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Markov-Chain-Monte-Carlo hammer (emcee)

A Bayesian data analysis to find the probability distribution for each parameter of a model after Jonathan Goodman and Jonathan Weare[1]. A Markov chain Monte Carlo approach has been implemented in Python by Foreman-Mackey et al.[2], which has then been ported into ISIS by Mike A. Nowak.

Note: to access the help of any function defined in isis_emcee_hammer.sl call the function without any parameter like isis> emcee();

The common approach to find the best-fitting, or in this case the most-likely parameters of a model is to perform a χ²-minimization. Depending on the complexity of the model, finding the best-fit might take a long time or parameter degeneracies are present, which complicates the minimization process. In many cases, convergence of the χ²-minimization algorithms, such as mpfit, fails.

Another approach introduced briefly here is to ask for the probability that a certain parameter set describes the data. In particular, the probability for thousands of random parameter sets can be calculated, which results in a probability distribution not even for every single parameter, but also for the total n-dimensional parameter space.

The emcee implements such a randomized sampling of the underlying n-dimensional probability distribution. Metaphorically speaking, the idea of the Markov-Chain-Monte-Carlo approach is the following:

  • use nw number of walkers for each parameter, which in the simplest case are uniformly distributed within the n-dimensional parameter space initially
  • then move each walker and compare the new fit-statistic (χ²; a simple eval_counts in ISIS) with where the walker have been before
  • depending on this difference, there is a certain probability that the walker goes back to its previous place
  • move each walker nsim times in total

Since the choice of going back or move further is randomized as well and weighted with the fit-statistic, a worth parameter combination might get accepted. This is in contrast to the common χ²-minimization algorithms and, thus, further possible solutions within the parameter space can be found naturally. The result is the so-called parameter chain, which is a list parameters in each iteration step. The histogram of chosen parameter values is then proportional the underlying probability distribution, i.e., peaks in the distribution correspond to possible solutions. In the best case, there is only one strong peak, which corresponds to the best-fit.

Another advantage of emcee is that "[...] the MCMC basically is working off of changes in chi^2, not the absolute value. It will always give you an answer. Whether it’s a good answer in an “absolute” sense is a different question. But given your model assumptions, it will give yout the best answer." (by Mike Nowak). Or in other words, even if it is not possible to achieve a reduced χ² near 1 with a model. emcee still finds the most probable solution. Furthermore, determining parameter uncertainties in case of a bad fit-statistic is much more robust with emcee (see below).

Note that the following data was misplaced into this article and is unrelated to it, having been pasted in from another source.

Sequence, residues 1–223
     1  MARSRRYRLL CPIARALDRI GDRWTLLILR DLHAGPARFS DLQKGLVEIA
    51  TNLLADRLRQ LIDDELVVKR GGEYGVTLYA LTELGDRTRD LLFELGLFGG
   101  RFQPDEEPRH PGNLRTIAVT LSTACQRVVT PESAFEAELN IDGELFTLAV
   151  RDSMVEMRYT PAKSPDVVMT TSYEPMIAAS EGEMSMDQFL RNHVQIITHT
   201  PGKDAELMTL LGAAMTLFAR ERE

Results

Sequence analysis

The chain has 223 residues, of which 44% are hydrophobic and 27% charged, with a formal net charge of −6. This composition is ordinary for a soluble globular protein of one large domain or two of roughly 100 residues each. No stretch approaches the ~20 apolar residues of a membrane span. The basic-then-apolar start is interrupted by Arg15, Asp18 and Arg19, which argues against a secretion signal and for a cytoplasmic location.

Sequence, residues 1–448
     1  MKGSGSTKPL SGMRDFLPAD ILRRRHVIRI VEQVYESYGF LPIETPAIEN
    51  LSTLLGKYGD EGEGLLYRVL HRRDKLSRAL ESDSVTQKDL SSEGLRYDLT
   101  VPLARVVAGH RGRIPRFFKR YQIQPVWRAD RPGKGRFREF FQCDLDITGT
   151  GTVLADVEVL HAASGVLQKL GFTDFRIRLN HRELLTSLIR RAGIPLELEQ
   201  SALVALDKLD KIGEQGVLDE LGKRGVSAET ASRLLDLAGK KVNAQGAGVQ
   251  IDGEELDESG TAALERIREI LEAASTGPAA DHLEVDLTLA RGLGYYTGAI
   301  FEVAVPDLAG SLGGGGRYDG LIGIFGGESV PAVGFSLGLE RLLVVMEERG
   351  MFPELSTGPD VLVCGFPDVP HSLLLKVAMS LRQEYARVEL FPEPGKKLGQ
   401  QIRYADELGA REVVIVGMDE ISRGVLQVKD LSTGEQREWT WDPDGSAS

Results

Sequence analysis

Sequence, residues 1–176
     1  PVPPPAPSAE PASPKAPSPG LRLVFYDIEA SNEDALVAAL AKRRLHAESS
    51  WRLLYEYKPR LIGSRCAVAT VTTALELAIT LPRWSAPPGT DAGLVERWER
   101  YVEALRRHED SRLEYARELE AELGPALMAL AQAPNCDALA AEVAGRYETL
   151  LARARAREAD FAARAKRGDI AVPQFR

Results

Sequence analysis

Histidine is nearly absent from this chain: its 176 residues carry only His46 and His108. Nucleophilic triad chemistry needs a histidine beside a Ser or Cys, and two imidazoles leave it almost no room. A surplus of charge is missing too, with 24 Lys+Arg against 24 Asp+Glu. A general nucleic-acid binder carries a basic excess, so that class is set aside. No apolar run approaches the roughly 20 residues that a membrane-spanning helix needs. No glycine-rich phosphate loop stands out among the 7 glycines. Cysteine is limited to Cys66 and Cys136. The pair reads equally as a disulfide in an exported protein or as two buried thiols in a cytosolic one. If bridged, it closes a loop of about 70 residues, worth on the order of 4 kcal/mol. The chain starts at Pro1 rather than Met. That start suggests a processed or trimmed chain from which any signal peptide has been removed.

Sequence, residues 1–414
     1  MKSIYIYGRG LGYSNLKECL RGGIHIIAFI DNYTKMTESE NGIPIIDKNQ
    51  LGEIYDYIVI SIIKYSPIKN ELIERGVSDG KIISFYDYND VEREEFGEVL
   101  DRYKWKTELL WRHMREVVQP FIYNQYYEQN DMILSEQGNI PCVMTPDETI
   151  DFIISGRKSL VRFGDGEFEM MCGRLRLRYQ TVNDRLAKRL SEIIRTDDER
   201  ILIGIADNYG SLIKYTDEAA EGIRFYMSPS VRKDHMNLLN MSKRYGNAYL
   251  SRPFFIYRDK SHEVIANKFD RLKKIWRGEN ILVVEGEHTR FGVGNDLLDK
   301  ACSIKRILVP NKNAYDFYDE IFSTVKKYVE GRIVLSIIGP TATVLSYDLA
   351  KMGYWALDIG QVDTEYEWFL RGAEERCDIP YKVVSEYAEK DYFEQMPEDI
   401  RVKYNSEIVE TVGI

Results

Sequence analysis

Using emcee

This is a working minimal example with a simple power-law spectrum. First, let's fake the spectrum:

% power-law parameters
variable Gamma = 2.;
% energy grid
variable Emin = 1.; % keV
variable Emax = 10.;
variable nbins = 100;
variable lo, hi;
% fake
(lo,hi) = log_grid(Emin, Emax, nbins);
set_par("powerlaw(1).norm", 1000);
set_par("powerlaw(1).PhoIndex", Gamma);
variable flux = eval_fun_keV(lo, hi);
variable err = sqrt(flux);
  _A(hi), _A(lo), reverse(flux + grand(nbins)*err), reverse(err)

Instead of perform a fit using fit_counts we use the emcee method:

  100, % number of walkers, nw, per free parameter
  1000; % number of iterations, nsim, i.e., the number of "walker"-steps
  output = "emcee-chain.fits", % output FITS-filename for the chain
  serial % perform a calculation on a single core (see below)

The function does not have any return value. Also, the found best-fit is not set the chain has just been produced. To actually find the most probable parameters the resulting parameter chain has to be analyzed (see next Section).

Note: the allowed parameter ranges for the initial walker distribution is taken from the parameter ranges set in the model!

Note: the number of walkers, nw, can be much smaller than the number of iterations, nsim. However, a good value for these numbers cannot be given in general. The above example should be sufficient to have a first glance. After having analyzed the chain (see below) one might consider to change these numbers.

Warning: the output FITS-file can be extremely large (several GB), depending on the number of free parameters, walkers, and iterations! So consider writing the file to the local hard-drive (in case of a serial run) or on a network drive, e.g., userdata. In particular do not write the file in your home-directory! Analyzing the chain (see below) is comparable to a data reduction, i.e., the resulting probability distributions are much smaller in filesize.

Analyzing the chain

Note: all functions discussed here need to have the actual model defined in ISIS. Thus, after having performed the emcee run (which can take hours to days) define at least the model you have used for the emcee run (ideally there is a script which defines the data and best-fit model).